Several times I've listened to Brian Greene talk about string theory and say that General Relativity is a macroscopic theory but Quantum Mechanics is a microscopic theory. Do you think it could be otherwise?(adsbygoogle = window.adsbygoogle || []).push({});

I know that this is an accepted "dogma" that is often repeated by others but I wonder how far it really goes and maybe it is a line of thinking that leads one away from reconciling the two theories. How is it that microscopic particles must follow special relativity but not general relativity? What is mass? What is charge?

Dr. Mendel Sachs makes some good points in his writings such as QUANTUM MECHANICS FROM GENERAL RELATIVITY that perhaps General Relativity can be incorporated in microscopic physics once the two theories are speaking the same mathematical language. There are some similar ideas in the writings of Lasenby and Doran and others working with Geometric Algebra. Whether this unified theory should be written in the language of spinors, quaternions, clifford algebra, geometric calculus or some other dialect, (all of these are related) I don't like the tower of Babel that currently exists in Physics. Several researchers have pointed out similarities of Yang Mills theory and General Relativity in a clifford algebra form. Could the idea that General Relativity is ONLY a MACROSCOPIC theory be a red herring?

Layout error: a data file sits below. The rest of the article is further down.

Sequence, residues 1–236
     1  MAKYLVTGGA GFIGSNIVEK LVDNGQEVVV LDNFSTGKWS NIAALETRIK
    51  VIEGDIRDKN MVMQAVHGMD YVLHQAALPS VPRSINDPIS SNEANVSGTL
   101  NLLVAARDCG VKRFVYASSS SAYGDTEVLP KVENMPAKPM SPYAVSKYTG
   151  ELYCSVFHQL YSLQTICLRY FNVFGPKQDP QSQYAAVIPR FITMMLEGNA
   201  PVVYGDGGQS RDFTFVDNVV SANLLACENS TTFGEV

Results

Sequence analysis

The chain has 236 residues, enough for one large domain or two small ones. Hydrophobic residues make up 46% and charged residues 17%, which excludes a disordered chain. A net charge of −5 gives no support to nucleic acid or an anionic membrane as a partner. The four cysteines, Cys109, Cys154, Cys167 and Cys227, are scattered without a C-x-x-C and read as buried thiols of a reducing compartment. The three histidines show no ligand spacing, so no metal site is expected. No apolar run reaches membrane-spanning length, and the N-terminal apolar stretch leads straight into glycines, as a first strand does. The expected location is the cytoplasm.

**Physics Forums | Science Articles, Homework Help, Discussion**

The friendliest, high quality science and math community on the planet! Everyone who loves science is here!

# Macroscopic vs. microscopic

**Physics Forums | Science Articles, Homework Help, Discussion**